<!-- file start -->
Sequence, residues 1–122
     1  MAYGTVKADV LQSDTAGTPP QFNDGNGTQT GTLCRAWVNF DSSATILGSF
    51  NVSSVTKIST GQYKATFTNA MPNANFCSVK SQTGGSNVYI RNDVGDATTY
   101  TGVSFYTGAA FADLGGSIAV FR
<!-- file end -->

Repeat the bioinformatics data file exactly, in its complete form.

Sequence, residues 1–122
     1  MAYGTVKADV LQSDTAGTPP QFNDGNGTQT GTLCRAWVNF DSSATILGSF
    51  NVSSVTKIST GQYKATFTNA MPNANFCSVK SQTGGSNVYI RNDVGDATTY
   101  TGVSFYTGAA FADLGGSIAV FR